Andrew H. Walker, Getty Images Nine days after the deadly tornado that touched…
- Posted on Oct 18th 2010 12:30PM by Olivia Harrison
Amongst the treasure George left behind were three Shankar/Harrison musical ventures. Naturally, working with the music of two people so revered makes this painstaking process a privilege and formidable responsibility, and I am fortified by Ravi's trust in me.
Around 1973, Ravi had composed music for a ballet. With the help of George, he was able to assemble a group of Indian classical musicians to record it at A&M Records in Los Angeles. George provided the Western band, and 'Shankar Family and Friends' became one of the first two albums released on George's newly formed Dark Horse Records label. That was my first exposure to the group of people who would become lifetime friends. None of us knew we would be working together for the next two years. The process was full of youthful enthusiasm and venerable creativity.
'Ravi Shankar's Music Festival From India' was a recording that George wanted to put together after hearing a concerto Ravi had composed and performed for All India Radio in 1964. This orchestral piece was called 'Nava Rasa Ranga.' It was the first big influence that Indian music had on George and became the seed for the Music Festival From India.
Recorded in 1996, 'Chants of India' is the most vivid in my mind. It was fascinating to witness the creation of that album. Ravi was very specific about the chants he wanted to record. The priority was to maintain the integrity of the mantras and verses, while setting them to music as timeless as the words. The importance of correct meter and pronunciation of the mantras cannot be overemphasized.
Vedic scholar and priest Dr. Nandakumara was consulted to ensure the translations included in the package were precise so the listener could engage completely with each chant.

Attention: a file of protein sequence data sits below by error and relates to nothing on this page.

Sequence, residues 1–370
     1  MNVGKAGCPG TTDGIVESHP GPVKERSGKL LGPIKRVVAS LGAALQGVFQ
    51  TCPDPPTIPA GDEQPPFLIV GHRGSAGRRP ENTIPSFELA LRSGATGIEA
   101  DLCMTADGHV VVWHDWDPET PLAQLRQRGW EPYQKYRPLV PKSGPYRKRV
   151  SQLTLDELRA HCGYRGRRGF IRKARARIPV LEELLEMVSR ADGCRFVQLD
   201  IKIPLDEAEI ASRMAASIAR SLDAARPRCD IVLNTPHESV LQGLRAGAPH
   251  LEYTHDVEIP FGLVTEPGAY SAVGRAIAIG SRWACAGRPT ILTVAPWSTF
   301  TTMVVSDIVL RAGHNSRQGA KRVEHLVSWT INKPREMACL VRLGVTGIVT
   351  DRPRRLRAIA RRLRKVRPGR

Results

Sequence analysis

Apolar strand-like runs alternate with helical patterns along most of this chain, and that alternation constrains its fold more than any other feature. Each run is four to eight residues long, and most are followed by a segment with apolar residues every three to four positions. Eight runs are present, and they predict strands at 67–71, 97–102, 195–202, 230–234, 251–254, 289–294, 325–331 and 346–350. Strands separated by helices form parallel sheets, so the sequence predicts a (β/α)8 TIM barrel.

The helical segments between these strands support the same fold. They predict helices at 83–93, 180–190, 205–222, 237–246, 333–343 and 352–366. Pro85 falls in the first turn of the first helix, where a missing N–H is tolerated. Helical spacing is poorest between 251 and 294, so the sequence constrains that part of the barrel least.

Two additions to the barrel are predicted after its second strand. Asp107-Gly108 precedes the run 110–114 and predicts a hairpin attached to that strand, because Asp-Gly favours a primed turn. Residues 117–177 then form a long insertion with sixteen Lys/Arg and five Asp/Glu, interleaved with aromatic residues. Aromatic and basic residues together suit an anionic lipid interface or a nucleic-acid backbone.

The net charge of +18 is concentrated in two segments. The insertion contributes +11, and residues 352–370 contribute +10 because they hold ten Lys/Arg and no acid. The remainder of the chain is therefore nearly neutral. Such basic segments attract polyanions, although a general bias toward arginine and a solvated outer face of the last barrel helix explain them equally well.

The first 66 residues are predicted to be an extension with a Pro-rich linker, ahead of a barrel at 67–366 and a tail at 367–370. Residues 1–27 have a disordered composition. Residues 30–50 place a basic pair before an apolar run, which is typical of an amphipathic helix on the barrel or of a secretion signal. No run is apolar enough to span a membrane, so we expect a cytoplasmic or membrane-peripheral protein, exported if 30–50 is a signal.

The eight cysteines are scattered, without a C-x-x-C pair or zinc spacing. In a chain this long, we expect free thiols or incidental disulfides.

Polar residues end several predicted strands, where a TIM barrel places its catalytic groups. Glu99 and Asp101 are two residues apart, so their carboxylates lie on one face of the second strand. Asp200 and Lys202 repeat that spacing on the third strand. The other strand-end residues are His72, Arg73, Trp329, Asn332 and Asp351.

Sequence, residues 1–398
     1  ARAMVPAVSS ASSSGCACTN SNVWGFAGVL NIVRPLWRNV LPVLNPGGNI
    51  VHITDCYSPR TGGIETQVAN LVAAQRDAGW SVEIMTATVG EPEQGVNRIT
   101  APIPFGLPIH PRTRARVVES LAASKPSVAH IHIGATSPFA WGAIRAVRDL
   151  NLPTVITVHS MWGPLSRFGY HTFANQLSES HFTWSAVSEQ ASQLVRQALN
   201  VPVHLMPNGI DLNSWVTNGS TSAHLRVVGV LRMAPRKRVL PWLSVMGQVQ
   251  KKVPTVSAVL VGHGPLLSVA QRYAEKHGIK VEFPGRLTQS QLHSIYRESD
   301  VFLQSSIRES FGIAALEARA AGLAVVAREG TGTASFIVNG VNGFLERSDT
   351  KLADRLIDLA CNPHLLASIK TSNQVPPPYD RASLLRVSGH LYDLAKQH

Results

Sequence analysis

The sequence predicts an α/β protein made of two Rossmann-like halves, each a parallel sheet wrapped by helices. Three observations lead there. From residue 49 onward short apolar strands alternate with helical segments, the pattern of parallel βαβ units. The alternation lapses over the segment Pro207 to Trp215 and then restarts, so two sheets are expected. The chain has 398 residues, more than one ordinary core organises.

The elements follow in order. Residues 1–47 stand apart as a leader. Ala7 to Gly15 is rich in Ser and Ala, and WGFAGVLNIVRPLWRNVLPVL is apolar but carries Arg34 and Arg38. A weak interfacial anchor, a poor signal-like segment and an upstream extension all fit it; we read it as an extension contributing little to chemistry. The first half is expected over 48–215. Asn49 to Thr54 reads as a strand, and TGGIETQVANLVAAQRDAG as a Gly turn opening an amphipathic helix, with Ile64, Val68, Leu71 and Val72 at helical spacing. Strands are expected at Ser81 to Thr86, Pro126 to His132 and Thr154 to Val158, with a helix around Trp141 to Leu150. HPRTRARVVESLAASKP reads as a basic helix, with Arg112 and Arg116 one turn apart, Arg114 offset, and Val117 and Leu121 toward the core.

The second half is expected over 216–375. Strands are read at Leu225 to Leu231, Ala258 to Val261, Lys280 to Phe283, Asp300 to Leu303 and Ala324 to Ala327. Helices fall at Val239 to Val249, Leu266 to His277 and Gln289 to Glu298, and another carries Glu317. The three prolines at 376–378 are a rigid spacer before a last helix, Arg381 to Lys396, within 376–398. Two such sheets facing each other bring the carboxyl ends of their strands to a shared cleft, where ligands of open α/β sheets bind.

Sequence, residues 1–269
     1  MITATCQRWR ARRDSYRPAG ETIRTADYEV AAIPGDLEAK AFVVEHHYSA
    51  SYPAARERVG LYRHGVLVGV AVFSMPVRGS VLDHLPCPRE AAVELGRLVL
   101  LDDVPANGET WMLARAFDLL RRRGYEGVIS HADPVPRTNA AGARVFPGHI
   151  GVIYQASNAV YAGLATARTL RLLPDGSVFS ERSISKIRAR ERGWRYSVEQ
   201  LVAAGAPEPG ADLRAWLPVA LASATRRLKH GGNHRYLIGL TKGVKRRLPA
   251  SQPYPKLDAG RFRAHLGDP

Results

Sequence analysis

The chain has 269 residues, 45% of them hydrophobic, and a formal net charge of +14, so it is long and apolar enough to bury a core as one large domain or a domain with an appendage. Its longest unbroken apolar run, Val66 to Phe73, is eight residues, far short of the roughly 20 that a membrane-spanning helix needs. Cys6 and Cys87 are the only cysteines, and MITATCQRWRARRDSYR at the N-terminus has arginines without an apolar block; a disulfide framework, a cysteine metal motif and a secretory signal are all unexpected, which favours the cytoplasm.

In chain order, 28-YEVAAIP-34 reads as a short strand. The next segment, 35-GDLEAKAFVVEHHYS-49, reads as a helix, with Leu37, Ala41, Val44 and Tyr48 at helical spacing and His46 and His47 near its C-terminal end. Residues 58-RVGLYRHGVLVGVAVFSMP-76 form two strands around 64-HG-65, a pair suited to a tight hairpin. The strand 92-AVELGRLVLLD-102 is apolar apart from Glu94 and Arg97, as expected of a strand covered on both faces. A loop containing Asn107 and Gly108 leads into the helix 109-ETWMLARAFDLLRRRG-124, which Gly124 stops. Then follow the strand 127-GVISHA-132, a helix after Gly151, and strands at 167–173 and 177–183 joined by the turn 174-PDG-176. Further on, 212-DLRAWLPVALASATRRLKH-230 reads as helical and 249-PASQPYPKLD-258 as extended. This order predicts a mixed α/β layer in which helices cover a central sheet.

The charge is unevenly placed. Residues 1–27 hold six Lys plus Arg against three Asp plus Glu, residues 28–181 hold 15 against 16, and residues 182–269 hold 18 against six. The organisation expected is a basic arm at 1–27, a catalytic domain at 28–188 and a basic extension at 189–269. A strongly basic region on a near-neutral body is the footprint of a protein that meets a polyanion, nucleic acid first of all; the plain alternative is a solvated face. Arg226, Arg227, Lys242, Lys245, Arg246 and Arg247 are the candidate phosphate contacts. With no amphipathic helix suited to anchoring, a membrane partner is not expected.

Again, the musicians were gathered and brought to George's studio where Ravi, his daughter Anoushka and George began teaching the musicians, working out the arrangements and recording basic parts.
Then George and Ravi went to India. They recorded certain parts in South India, then came back to England where they brought in additional Western string players. George also overdubbed a few parts and one or two vocals. As always, Ravi was generous with Western players, opening their minds and ability to this new world of Indian music. He is very patient this way; so was George. They were both very proud of the final outcome. George valued it as a true antidote to the noise and stress of life and the purpose of each track is to help promote the well-being of the individual as well as mankind.
Of course Ravi never tires. This is his 90th birthday year. He is just about to head out on a short tour with Anoushka in October. I try to see as many of his shows as I can, wherever I am, whether in New Delhi, Los Angeles, New York or London.
I know Ravi misses George a lot. They had so much fun together. Whenever we have a laugh, he will always say, "I miss George." They spent amazing times together in India and all over the world. A friendship, a musical collaboration like theirs, so long-lasting, is rare.
Dark Horse Records